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  1. #1
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    Jewish kabbalists

    Did any Jewish kabbalists use gematria to "prove" that Jesus wasn't the Messiah, or to set dates for the Messiah's comming, or the redemption of Israel?

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    Quote Originally Posted by inquirer View Post
    Did any Jewish kabbalists use gematria to "prove" that Jesus wasn't the Messiah, or to set dates for the Messiah's comming, or the redemption of Israel?

    I heard from an Italian Jewish kabbalist "Jesus is the beast" because the gematria of "Yeshu Notsri" is 666 (10+300+6+50+90+200+10), written with seven letters (seven heads) ("yud-shin-vav-nun-tzade-resh-yud") with ten horns ("shin"- three horns - "tzade" two horns - the other 5 letters each one horn).

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    Quote Originally Posted by sylvius View Post
    I heard from an Italian Jewish kabbalist "Jesus is the beast" because the gematria of "Yeshu Notsri" is 666 (10+300+6+50+90+200+10), written with seven letters (seven heads) ("yud-shin-vav-nun-tzade-resh-yud") with ten horns ("shin"- three horns - "tzade" two horns - the other 5 letters each one horn).

    It would prove my point that everything turns around the name of God present in the initial letters of "yom hashishi vay'chulu hashamyim" -- name that is not there when the letter "hey" of "hashishi" is missing, since the name written on the cross is not "yeshu notsri" but "yeshu hanotsri", with an extra letter "hey".


    John 19:19-20,

    ἔγραψεν δὲ καὶ τίτλον ὁ Πιλᾶτος καὶ ἔθηκεν ἐπὶ τοῦ σταυροῦ: ἦν δὲ γεγραμμένον, Ἰησοῦς Ναζωραῖος ὁ βασιλεὺς τῶν Ἰουδαίων. τοῦτον οὖν τὸν τίτλον πολλοὶ ἀνέγνωσαν τῶν Ἰουδαίων, ὅτι ἐγγὺς ἦν ὁ τόπος τῆς πόλεως ὅπου ἐσταυρώθη ὁ Ἰησοῦς: καὶ ἦν γεγραμμένον Ἑβραϊστί, Ῥωμαϊστί, Ἑλληνιστί.


    Pilate also wrote an inscription and put it on the cross. It read, “Jesus the Nazarene, the King of the Jews.” Many of the Jews read this inscription, for sthe place where Jesus was crucified was near the city, and it was written in Hebrew, in Latin, and in Greek.


    Latin doesn't know defintie articles.

    In Latin: Iesus Nazarenus Rex Iudaeorum, abbreviated to ( the well-known) INRI

    So in short: "The beast" is the Jesus of Christianity.
    Last edited by sylvius; 08-31-2014 at 11:42 PM.

  4. #4
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    If you want to object that his Hebrew name was not Yeshu, but Yeshua (like many do contend) or Yehoshua, then you might consider this:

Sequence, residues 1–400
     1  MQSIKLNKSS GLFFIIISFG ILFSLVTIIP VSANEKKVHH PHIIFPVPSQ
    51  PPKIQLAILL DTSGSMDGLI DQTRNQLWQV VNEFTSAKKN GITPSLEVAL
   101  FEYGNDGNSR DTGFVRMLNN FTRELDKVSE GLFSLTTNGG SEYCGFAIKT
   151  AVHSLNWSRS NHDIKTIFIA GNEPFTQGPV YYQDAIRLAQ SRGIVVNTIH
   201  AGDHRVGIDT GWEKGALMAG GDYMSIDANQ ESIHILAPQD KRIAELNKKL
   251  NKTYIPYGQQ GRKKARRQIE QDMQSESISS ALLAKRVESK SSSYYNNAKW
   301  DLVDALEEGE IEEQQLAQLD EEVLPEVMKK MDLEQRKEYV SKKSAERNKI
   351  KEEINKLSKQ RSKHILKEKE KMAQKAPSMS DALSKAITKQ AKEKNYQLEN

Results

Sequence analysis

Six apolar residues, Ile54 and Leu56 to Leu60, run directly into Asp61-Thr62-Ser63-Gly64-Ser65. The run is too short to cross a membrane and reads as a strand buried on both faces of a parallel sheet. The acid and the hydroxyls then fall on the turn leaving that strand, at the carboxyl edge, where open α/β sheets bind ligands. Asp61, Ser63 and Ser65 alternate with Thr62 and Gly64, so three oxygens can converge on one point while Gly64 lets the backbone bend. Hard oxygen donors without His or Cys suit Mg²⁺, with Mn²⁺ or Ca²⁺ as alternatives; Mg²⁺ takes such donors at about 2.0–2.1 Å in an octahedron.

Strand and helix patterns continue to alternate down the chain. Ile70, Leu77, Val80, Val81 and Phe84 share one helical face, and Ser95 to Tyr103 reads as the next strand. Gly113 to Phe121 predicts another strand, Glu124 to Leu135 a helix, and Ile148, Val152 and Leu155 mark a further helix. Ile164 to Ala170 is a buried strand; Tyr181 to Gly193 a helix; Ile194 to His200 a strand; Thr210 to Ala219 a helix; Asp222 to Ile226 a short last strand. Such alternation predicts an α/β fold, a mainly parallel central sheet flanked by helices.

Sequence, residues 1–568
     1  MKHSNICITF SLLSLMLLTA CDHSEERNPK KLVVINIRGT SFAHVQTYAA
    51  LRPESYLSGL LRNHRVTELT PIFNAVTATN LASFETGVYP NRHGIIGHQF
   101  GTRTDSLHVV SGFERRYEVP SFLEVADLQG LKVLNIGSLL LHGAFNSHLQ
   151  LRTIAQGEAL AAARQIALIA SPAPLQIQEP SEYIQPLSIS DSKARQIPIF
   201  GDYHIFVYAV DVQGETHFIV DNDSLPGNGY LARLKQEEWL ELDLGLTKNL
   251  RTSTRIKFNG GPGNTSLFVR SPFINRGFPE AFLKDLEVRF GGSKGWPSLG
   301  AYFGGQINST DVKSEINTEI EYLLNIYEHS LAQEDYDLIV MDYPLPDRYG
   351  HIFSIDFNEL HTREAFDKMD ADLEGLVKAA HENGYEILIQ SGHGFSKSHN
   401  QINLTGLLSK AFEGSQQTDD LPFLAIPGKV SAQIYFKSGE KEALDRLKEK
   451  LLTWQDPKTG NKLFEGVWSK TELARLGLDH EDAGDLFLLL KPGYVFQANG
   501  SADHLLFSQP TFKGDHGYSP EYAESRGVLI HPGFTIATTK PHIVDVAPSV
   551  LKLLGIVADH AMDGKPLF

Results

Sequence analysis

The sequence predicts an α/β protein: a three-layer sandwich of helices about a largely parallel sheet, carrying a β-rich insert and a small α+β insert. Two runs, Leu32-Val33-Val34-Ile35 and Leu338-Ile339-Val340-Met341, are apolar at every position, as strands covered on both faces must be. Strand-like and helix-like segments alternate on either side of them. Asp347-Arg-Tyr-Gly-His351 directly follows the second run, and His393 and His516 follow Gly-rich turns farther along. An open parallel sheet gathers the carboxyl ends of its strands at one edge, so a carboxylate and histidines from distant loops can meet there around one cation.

http://messiahtruth.yuku.com/sreply/...shua-in-Hebrew

    1. When a Hebrew word or name is transliterated into Greek letters, the Hebrew letter י yod is replaced by iota (I,ι) and the Hebrew letter ש shin is replaced by sigma (Σ,σ or ς at the end of a word) because the Greek language lacks both of the consonantal sounds y and sh; and, furthermore, men’s names regularly end with -s in Greek (e.g. Ἀρίσταρχος Ar*starchos, Ἀρχιμήδης Archimēdes, Μωσῆς Mōsēs, etc etc etc).

    2. The Biblical Hebrew name יְהוֹשֻֽׁעַ Y'hoshu'a started to be shortened to יֵשֽׁוּעַ Yéshu'a during the Babylonian Exile period, and this was shortened still further to יֵֽשׁוּ Yéshu in the post-Biblical period after the Return (christians sometimes claim that this form of the name is really just an insulting acronym that “stands for” the Hebrew phrase יִמַּח שְׁמוֹ וְזִכְרוֹ yimmaḥ sh'mo v'zichro “may his name and memory be blotted out”, but this simply isn’t true because nobody would ever say, for example, “Hitler yéshu”—when that phrase is used, it’s always written out or spoken in full: “Hitler yimmaḥ sh'mo v'zichro”).

    3. The combined result of 1. and 2. is that “Yéshu'a” becomes Ἰησοῦας (Iēsouas) when transliterated from Hebrew into Greek letters, and “Yéshu” becomes Ἰησοῦς (Iēsous)—and then, when these names undergo a second transliteration from Greek into Latin letters, they become respectively “Jesuas” and “J-sus” (because the initial “I” was replaced by “J” from the Middle Ages onwards).

    4. The christian mangod is consistently called Ἰησοῦς Iēsous (apparently a transliteration of the Hebrew name יֵֽשׁוּ Yéshu) throughout the new twistament, but this is only part of the story. I have been able to find fourteen Hebrew names in the T'nach that begin with the letters יְהוֹ־ (“Y'ho–”) in Hebrew, and the transliterations of these names in the pseudo-septuagint begin with Ιω– (“Io–”) in all of these 14 cases with one single, solitary exception:

    1. יְהוֹאָחָז Y'ho'aḥaz is spelt Ιωαχας (“Ioakhas”),
    2. יְהוֹאָשׁ Y'ho'ash is spelt Ιωας (“Ioas”),
    3. יְהוֹזָבָד Y'hozavad is spelt Ιωζαβεδ (“Iozabed”),
    4. יְהוֹיָכִין Y'hoyachin is spelt Ιωακιμ (“Ioakim”) [although this is actually an error],
    5. יְהוֹיָקִים Y'hoyachin is also spelt Ιωακιμ (“Ioakim”),
    6. יְהוֹנָדָב Y'honadav is spelt Ιωναδαβ (“Ioanadab”),
    7. יְהוֹנָתָן Y'honatan is spelt Ιωναθαν (“Ioanathan”),
    8. יְהוֹעַדִּין Y'ho'addin is spelt Ιωαδιν (“Ioadin”),
    9. יְהוֹצָדָק Y'hotzadak is spelt Ιωσαδακ (“Iosadak”),
    10. יְהוֹרָם Y'horam is spelt Ιωραμ (“Ioram”),
    11. יְהוֹשֶֽׁבַע Y'hosheva is spelt Ιωσαβεε (“Iosabee”),
    12. יְהוֹשַׁבְעַת Y'hoshav'at is spelt Ιωσαβεθ (“Iosabeth”), and
    13. יְהוֹשָׁפָט Y'hoshafat is spelt Ιωσαφατ (“Iosaphat”),

    BUT

    14. יְהוֹשֻֽׁעַ Y'hoshu'a is spelt Ἰησοῦς (“Iēsous”).